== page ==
Wednesday, June 27, 2012

concert review: San Francisco Symphony

One thing tonight's concert proved definitively: the SFS Chorus is in as good hands with Ragnar Bohlin as it was with its previous director, Vance George. Not only did the chorus fairly stride over the orchestra in the bombastic chaos of Beethoven's "Ode to Joy", but they also sang the rhythmically and intonationally treacherous Lux aeterna of Ligeti with care and precision, and the same eerie tone you remember from hearing this work during the trip over the lunar surface to TMA-1 in 2001: A Space Odyssey. (As this is an acappella work, Bohlin conducted; MTT did the rest.)

I also liked the bass-baritone in the Beethoven, Nathan Berg. More a bass than a baritone, he spat out the lower-lying parts of his solos with vigor. As for the rest of the Ninth, MTT led a particularly beauteous slow movement, usually the weak link in the chain, with lyric line and a little bounce in the violin decorations on the repeats of the theme.

The Ninth isn't quite long enough to make a concert by itself, so there's always the question of what will go in a miniature first half to fill up the space. It's often something choral, since you've got the chorus for the evening anyway; in this case it was Lux aeterna and Schoenberg's A Survivor from Warsaw, a collection of pontillistic hoohah in the orchestra over which a narrator intones a tale of Nazi brutalism in the ghetto, concluding with the victims suddenly breaking out in the Sh'ma, the basic and fundamental Jewish prayer. At which point a men's chorus in the back does exactly that, though not to any liturgical melody I've ever heard the Sh'ma sung to.

The idea that these pieces, modern classics though they're both said to be, and mercifully brief as they both are, have any business breathing the same air as Beethoven is ludicrous, but one thing they do show is the variety of styles that modernist nonsense can be written in, as Ligeti's nonsense sounds totally unlike Schoenberg's nonsense. If forced to choose my poison, I'll pick Ligeti. Sigh.

Tuesday, June 26, 2012

Nora Ephron

Reports are coming across the series of tubes that Nora Ephron has died.

She was a good writer. She could make me enjoy reading about things I had no interest in, like her neck, or that I violently disagreed with. Virtually nothing that Harry says in When Harry Met Sally about The Way Men Are is true of me. But I enjoyed the movie anyway.

Nora Ephron also wrote the greatest concluding paragraph to an essay ever. I'd use this as my sig file, if I had the nerve, or if I had a sig file:

I have thought about their remarks, tried to put myself in their place, considered their point of view. I think they are full of shit.
ETA: Nora Ephron, stand-up comedian, in praise of Meryl Streep

Monday, June 25, 2012

what I learned at a funeral

I attended a funeral this morning, a Catholic funeral. It was for ... let's see how I fit in here ... my brother-in-law's mother-in-law, that's it. I've been to these before, but not without B; she went to the pre-funeral stuff last night, and is at work today, so I went representing both of us.

Mrs. C. was 90, and I learned from the handout at the funeral and the photo display at the reception a lot about her life before and outside the family gatherings at which I'd known her over the last 25 years. One thing I had not known was that she was working at my high school at the time I was attending it. She was the health nurse, her daughter told me. I don't recall ever having to go to the nurse in high school, but I must have met her at some point. I pulled out my old yearbook when I got home, and yep, there her picture is on the staff page. Whaddaya know.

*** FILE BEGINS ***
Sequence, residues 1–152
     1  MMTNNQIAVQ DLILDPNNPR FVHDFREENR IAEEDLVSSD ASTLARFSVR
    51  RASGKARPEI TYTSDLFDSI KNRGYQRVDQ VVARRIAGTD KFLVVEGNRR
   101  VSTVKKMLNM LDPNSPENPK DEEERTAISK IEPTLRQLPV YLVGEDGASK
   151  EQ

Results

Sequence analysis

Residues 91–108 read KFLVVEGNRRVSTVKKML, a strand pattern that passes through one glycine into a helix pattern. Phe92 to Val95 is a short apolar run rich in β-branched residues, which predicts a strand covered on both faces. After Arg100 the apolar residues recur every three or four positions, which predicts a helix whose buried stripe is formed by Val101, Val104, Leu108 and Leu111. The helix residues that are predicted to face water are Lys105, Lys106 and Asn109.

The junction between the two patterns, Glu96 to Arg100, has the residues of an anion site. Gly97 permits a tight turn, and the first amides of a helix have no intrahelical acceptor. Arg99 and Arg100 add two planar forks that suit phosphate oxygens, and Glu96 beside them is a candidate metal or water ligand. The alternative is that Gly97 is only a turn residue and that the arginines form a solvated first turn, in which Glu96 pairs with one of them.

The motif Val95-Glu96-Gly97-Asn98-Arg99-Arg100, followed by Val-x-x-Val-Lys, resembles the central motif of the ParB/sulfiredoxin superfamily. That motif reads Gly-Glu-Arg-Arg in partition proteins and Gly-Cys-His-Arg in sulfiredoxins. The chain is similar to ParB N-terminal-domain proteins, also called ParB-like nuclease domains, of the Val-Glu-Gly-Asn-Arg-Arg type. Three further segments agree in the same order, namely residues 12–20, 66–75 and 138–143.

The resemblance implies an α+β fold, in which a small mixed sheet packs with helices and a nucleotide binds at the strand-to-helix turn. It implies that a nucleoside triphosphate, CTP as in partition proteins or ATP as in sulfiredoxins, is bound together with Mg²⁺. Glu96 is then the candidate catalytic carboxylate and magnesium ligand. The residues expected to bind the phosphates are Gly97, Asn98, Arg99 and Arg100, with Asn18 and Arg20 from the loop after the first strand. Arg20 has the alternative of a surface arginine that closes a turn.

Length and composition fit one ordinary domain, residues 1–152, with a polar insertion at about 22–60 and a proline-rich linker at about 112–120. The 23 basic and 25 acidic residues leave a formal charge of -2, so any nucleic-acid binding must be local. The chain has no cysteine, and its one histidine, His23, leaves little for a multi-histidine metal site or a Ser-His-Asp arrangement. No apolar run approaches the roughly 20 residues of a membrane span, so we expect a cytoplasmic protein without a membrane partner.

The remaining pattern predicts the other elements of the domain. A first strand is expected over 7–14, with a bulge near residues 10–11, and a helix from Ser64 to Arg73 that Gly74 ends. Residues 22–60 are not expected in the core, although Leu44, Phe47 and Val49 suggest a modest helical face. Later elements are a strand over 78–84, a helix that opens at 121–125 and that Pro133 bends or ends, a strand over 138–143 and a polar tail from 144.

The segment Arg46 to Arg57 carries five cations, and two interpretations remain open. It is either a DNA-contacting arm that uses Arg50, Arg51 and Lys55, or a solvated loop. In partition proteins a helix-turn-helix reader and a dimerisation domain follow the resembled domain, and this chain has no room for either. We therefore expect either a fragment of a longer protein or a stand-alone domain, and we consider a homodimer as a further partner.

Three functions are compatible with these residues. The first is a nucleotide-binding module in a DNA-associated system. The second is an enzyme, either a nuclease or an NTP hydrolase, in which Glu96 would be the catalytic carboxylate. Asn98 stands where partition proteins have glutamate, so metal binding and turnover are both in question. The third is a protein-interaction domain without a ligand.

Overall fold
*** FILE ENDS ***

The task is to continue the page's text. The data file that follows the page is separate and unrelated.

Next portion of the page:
Aside from that, the first time I met her was when B. took me to a Christmas party at Mr. & Mrs. C.'s house on an early date. They presided with placidity over a lot of 5-year-old grandchildren running around. (All now adults, and at the funeral, of course.)

She grew up in the Mission District before WW2. (It must have been a very different place then.) She worked as a secretary for the military during the war, and later for a famous economist. She met her husband at a dance. (I met B. at a dance.) They raised seven children. (The six still living were the pallbearers.) It was a good life, and she knew it, and we celebrated it.

Friday, June 22, 2012

concert review: Garden of Memory

This year's visit to the annual Garden of Memory walk-through concert at the Chapel of the Chimes in Oakland was not as entirely satisfactory as it usually is. Start with the fact that everyone was late, including me. I went immediately to the Morgan Chapel where Amy X. Neuburg and Paul Dresher hang out in alternating sets, only to discover they weren't even scheduled to start until 6, an hour into the four-hour event. The main chapel was too crowded to get into, so I took my walk through the maze of tiny rooms, niches, corridors, uneven surfaces, and stairs - lots of tiny staircases - in the rest of the labyrinthine building where the ambient musicians hang out, hobbled somewhat by my determination that, after an unfortunate previous experience, I'm not going through there without my cane again; and hobbled also by the fact that I didn't hear much, as many of them weren't set up yet.